An organization is helping Michigan families that are fighting for the legal rights to their children.
“I had to momentarily breakdown," said Michigan Fertility Alliance Founder Stephanie Jones.
That's how she felt when she heard about a Michigan couple being forced to adopt their biological babies. This happened after they were born through a gestational carrier because of a decades-old anti-surrogacy law in the state.
Jones, who lives in Grand Blanc, is fighting to change that old law.
"Discrimination, defeat and helplessness. That’s what I really try to explain to people, to be told that you can’t, or that you can’t be granted rights to your children, because of some silly law that was written in the 80s,” Jones said.
She is passionate about the topic because her family went through something similar.
Due to a rare complication, Jones was unable to carry another baby but still had viable eggs. Her family chose to hire a gestational carrier out of state because of the
Michigan Surrogate Parenting Act of 1988, which states surrogacy contracts are "void and unenforceable.”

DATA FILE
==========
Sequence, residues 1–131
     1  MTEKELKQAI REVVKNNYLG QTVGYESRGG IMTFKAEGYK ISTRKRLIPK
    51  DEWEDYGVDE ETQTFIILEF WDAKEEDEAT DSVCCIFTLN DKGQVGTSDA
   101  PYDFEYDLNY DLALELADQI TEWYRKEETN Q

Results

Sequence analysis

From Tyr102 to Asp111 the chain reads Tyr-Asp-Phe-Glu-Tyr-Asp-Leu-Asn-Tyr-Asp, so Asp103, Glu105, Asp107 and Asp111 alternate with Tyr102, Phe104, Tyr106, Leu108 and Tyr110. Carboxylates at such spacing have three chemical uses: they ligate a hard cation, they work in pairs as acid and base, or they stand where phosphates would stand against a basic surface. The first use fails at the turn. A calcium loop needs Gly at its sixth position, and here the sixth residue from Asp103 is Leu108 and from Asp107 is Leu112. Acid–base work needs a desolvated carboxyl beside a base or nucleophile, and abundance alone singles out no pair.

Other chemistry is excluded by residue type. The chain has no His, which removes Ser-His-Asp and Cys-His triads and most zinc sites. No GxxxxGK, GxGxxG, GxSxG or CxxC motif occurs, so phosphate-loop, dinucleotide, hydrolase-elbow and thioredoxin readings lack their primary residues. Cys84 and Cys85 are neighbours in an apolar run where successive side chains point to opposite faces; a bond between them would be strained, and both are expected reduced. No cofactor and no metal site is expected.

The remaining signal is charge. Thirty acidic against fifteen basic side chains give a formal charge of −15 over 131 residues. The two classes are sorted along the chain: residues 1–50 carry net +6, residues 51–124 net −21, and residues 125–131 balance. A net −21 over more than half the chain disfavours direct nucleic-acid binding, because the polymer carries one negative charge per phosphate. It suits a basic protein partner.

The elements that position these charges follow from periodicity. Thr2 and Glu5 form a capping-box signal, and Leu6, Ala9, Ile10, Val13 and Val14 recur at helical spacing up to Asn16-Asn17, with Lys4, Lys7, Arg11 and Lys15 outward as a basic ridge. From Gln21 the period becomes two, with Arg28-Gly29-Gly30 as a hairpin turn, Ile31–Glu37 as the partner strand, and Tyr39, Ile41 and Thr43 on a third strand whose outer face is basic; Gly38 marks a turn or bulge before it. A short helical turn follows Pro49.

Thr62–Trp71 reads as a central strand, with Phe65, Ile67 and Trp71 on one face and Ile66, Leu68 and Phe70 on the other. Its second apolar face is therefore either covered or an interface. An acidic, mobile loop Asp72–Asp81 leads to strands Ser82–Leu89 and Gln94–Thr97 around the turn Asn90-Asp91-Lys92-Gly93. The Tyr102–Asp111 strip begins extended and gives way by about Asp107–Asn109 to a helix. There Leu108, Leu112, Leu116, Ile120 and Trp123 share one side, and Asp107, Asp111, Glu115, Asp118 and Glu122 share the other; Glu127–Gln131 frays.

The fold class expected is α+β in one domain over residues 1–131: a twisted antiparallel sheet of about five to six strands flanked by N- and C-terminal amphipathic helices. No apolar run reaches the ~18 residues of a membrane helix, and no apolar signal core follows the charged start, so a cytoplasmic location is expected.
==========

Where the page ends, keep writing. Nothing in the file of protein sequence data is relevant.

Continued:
It also makes compensating someone to carry your baby a felony. So, Jones is fighting for parents like tammy and Jordan Meyers.
The couple used a gestational carrier in Michigan, who did it without payment as a gift.
Still, their judges in Kent County will not grant them parental rights.
"There are several counties in our state that are granting his pre-birth order and legal rights to children born through a just gestational carrier," Tammy said.
The Meyers, who used to live in mid-Michigan, are being forced to adopt their twin babies who are still in the NICU.
Their lawyers say other judges have found a work around when interpreting the law and have issued pre-birth orders so that families can put the biological parents’ names on the birth certificate. That also would allow them to get the twins on their health insurance.
"At minimum 72 other cases or families were granted pre-birth orders and the legal rights to their babies before they were born,” Jones said.
She says when she started to research gestational carriers, she was shocked by the law Michigan has against it, noting that almost every other state in the country has legalized surrogacy.
"They happen to live in a state that has the most outdated draconian surrogacy laws in our country. And then absolutely has to change,” she said.
Jones' daughter was born 8 months ago. She now wants to make it easier for other parents to expand their families without having to go thru all this, like being forced to adopt their own children.
"What we’re really trying to do is catalog stories in the state that we can share once we have a bill sponsor," Jones said.